Is the anodyne drone typing away in her silent cubicle free from the risk of comment on her clothes, the terror of a joke, the unsettlement of an unwanted or even a wanted sexual advance, truly our ideal? Should we aspire to the drab, cautious, civilized, quiet, comfortable workplace all of this language presumes and theorizes? At this late date, perhaps we should be worrying about different forms of hostility in our workplace.
No, of course not! That anodyne female drone should be out there pinging jockstraps and making jokes about the probable size of various male colleagues' penises! To spread the joy and humanity to everyone working in that place. Duh. Everybody can see that.

Except perhaps for our Katie. The fun thing about the world she would like to have back is that it makes no demands of equal treatment of men and women, and that for an unusual reason:

Women are strong enough to take everything the world throws at them. Therefore, there is no need for concerns such as date rape or sexual harassment. But then if we accept her premise, men must be too weak to be able to endure any kind of restraints on their behavior. Or the poor must be strong enough to take poverty and so on. You can go on with those examples, I'm sure.

My apologies for writing about all that. The central point about making money from feminism is to oppose it, to portray it as a humongous evil claw squeezing the whole society while also being totally wrong and marginalized and unattractive and utterly illogical, like swimming against the waterfall of nature and tradition.

Sunday, November 13, 2011

Cheaper generic medications: Not coming to a pharmacy near you (by Skylanda)

The New York Times reported Friday on a move by Pfizer – the makers of the blockbuster cholesterol drug Lipitor – to manipulate the market to limit generic supplies to a number a major drug management agencies after Lipitor goes generic in the coming months:

“Pfizer has agreed to large discounts for benefit managers that block the use of generic versions of Lipitor, according to a letter from Catalyst Rx, a benefit manager for 18 million people in the United States. The letters have not previously been made public. A pharmacy group and an independent expert say the tactic will benefit Pfizer and benefit managers at the expense of employers and taxpayers, who may end up paying more than they should for the drug.” [emphasis mine]

Lipitor is said to be one of the most profitable drugs ever produced, generating over $100 billion in sales and forming a mainstay of Pfizer’s drug portfolio. And this is not necessary bad; Lipitor saves lives. It plays a role in primary prevention of cardiovascular disease, it can be the difference between rehabilitation after a heart attack or stroke and rapid recurrence leading to greater debility or death. It is not without problems, but overall, it is an important drug in the modern arsenal against chronic disease.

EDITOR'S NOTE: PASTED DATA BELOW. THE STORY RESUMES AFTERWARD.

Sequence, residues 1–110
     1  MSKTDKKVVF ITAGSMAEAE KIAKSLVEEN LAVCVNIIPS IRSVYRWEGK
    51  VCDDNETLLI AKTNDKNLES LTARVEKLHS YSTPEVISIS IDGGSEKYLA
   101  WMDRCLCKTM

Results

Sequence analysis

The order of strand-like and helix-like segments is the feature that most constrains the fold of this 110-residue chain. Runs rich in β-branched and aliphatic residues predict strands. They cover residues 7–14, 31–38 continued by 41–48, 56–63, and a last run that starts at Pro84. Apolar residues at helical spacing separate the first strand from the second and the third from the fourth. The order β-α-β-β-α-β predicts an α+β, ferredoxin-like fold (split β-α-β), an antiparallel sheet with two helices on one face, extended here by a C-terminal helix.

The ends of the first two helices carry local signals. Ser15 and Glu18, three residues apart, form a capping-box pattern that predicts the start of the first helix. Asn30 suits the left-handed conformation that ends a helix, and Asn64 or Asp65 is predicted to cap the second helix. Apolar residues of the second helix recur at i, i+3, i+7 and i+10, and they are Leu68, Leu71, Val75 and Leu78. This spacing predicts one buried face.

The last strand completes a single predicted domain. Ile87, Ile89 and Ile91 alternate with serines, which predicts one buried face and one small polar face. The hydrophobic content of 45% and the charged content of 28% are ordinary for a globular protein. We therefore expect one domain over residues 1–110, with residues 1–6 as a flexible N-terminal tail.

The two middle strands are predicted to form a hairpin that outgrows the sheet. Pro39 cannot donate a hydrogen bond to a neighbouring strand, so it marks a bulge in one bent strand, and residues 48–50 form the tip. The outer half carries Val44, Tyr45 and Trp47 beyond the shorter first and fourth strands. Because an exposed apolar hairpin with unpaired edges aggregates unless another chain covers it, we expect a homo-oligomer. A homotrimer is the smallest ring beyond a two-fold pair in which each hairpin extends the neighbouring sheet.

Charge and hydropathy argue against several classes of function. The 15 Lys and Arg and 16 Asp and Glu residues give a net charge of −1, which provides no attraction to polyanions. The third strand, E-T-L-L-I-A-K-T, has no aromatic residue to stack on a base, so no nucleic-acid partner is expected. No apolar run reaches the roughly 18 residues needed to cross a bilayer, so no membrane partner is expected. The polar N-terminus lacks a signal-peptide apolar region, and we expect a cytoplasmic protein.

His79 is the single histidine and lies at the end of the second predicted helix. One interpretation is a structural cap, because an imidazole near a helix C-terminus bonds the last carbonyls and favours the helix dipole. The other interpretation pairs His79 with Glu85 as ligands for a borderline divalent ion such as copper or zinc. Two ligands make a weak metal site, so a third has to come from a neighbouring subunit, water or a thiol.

But there are a couple complications to this picture.

One is that in the world of the statin drug class to which Lipitor belongs, not everyone with high cholesterol needs Lipitor – or, more importantly, a medication as expensive as Lipitor. There are half a dozen other drugs in the same class, several of which went generic so long ago that they appear on the Walmart list of $4-per-month medications. The older generic statins are notably weaker; this isn’t a secret. But for your average middle-aged person walking around with high cholesterol – those who eat a little too much butter, exercise a little too little, or just drew the genetic short straw on the lipid metabolism front – the cheap medications will effectively get the cholesterol numbers to where they need to be (so too often will diet, exercise, and some other non-medicinal approaches, but let’s set those aside for a moment for the sake of argument). The truly more potent (and notably more effective, and notably more expensive) statins – that is, Lipitor and Crestor – can generally be reserved for people with true disease in whom there has been a failure to get to goal cholesterol levels with weaker medications: people with prior heart attacks and strokes, people with familial cholesterol running sky-high numbers for no good reason, people who have undergone surgery to actually remove cholesterol plaques from their arteries.